Listing ID: 77542
Prime, FedEx P&D for sale in desirable, Alameda County zip code. Home deliveries make up 80% of revenue. Growth doubled from 2019 to 2020
One full-time manager handles daily operations from terminal
Excellent fleet of trucks of 11 trucks (7 trucks are 2020 and 2021).
Truck payments would be assumed by buyer.
Low daily miles provide relief from capital expenditures.
FedEx sales in 2020 doubled from 2019 and will continue to grow in 2021 due to the growth of online sales and continuation of work from home. These FedEx routes have a good fleet, reliable drivers and a long-term manager.
This fast-growing FEDEX delivery business comes with 11 trucks. Well-trained staff with one full-time manager make it easier for the new owner to make this transition a smoother experience.
The delivery is from warehouse to resident homes and businesses within these zip codes. All trucks are parked in a terminal with free rent, so the major expenses are only driver salary, fuel, workers compensation, repairs and maintenance.
This operation comes with a complete fleet of trucks. Payments to be assumed by buyer.
Dense, suburban territory offers low daily miles
- Asking Price: $1,825,000
- Cash Flow: N/A
- Gross Revenue: $1,762,225
- EBITDA: N/A
- FF&E: N/A
- Inventory: N/A
- Inventory Included: N/A
- Established: N/A
- Property Owned or Leased:N/A
- Property Included:N/A
- Building Square Footage:N/A
- Lot Size:N/A
- Total Number of Employees:14
- Furniture, Fixtures and Equipment:N/A
Why is the Current Owner Selling The Business?
There are all types of reasons individuals resolve to sell businesses. Nonetheless, the genuine factor and the one they tell you might be 2 absolutely different things. As an example, they might say "I have a lot of other obligations" or "I am retiring". For numerous sellers, these reasons are valid. But also, for some, these may simply be justifications to try to conceal the reality of changing demographics, increased competitors, current reduction in earnings, or an array of other reasons. This is why it is really important that you not count entirely on a vendor's word, yet rather, use the seller's solution together with your total due diligence. This will repaint a more realistic picture of the business's existing circumstance.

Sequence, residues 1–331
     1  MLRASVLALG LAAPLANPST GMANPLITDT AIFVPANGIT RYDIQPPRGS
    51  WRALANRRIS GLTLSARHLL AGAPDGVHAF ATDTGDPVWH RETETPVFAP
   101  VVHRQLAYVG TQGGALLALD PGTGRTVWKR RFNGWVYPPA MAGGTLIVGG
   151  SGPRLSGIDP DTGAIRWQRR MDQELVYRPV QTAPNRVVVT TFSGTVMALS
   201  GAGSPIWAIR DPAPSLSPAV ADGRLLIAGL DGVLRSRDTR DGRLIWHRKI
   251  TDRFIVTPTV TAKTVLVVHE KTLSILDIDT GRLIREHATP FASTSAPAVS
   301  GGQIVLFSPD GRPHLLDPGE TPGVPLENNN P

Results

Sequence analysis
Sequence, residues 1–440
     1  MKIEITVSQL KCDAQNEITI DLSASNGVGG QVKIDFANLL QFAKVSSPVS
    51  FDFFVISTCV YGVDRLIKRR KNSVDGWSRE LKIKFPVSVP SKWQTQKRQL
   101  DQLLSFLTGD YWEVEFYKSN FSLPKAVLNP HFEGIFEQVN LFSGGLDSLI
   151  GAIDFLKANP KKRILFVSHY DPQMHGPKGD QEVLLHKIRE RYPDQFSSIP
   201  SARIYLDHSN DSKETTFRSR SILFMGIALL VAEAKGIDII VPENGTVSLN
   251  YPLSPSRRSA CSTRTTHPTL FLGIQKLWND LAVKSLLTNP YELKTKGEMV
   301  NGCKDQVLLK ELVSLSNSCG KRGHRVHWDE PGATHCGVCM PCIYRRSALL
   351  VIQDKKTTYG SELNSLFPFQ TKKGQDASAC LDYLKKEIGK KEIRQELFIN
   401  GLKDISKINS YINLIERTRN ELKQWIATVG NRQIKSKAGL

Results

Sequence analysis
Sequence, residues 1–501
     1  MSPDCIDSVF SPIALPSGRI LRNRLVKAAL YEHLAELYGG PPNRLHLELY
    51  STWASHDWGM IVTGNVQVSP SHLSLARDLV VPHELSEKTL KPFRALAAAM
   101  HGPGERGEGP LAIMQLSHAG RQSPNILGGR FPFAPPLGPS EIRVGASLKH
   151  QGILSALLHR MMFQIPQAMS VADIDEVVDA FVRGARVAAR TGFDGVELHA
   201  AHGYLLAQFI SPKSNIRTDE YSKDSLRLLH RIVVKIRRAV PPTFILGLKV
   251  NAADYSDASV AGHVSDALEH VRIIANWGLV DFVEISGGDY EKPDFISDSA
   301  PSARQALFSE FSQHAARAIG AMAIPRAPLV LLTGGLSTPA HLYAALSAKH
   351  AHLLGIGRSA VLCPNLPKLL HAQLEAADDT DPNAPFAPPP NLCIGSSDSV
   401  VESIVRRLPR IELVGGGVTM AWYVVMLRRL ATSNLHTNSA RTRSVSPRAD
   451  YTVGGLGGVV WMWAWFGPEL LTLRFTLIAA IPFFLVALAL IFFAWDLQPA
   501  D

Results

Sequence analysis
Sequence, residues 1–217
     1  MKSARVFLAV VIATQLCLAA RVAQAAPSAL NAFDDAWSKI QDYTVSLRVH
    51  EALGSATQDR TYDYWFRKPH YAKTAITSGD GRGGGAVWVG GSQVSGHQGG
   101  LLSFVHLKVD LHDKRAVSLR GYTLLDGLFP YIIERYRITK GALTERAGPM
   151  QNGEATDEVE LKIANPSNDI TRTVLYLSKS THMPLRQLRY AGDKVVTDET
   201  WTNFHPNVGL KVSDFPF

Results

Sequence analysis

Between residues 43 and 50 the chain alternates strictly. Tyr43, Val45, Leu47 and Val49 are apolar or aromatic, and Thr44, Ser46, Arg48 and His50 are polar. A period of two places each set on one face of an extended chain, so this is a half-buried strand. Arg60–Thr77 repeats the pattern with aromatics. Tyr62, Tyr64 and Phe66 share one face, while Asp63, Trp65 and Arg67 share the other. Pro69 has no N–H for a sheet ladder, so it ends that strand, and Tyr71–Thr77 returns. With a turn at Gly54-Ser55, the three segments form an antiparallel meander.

Existing Debts and Future Obligations
If the existing business is in debt, which lots of businesses are, then you will need to consider this when valuating/preparing your offer. Numerous businesses finance loans so as to cover items like stock, payroll, accounts payable, etc. Remember that in some cases this can mean that profit margins are too thin. Numerous organisations fall into a revolving door of taking loans as a way to pay back various other loans. Along with debts, there may also be future commitments to consider. There might be an outstanding lease on tools or the building where the business resides. The business might have existing contracts with suppliers that should be satisfied or might result in charges if canceled early.
Understanding the Customer Base, Competition and Area Demographics
Just how do companies in the location bring in brand-new customers? Many times, businesses have repeat consumers, which form the core of their day-to-day revenues. Certain variables such as brand-new competition sprouting up around the area, roadway construction, as well as personnel turnover can impact repeat customers and negatively affect future revenues. One vital thing to take into consideration is the area of the business. Is it in an extremely trafficked shopping center, or is it hidden from the main road? Certainly, the more individuals that see the business on a regular basis, the better the chance to build a returning customer base. A last idea is the general location demographics. Is the business situated in a largely inhabited city, or is it situated on the outskirts of town? Exactly how might the regional typical home earnings effect future revenue potential?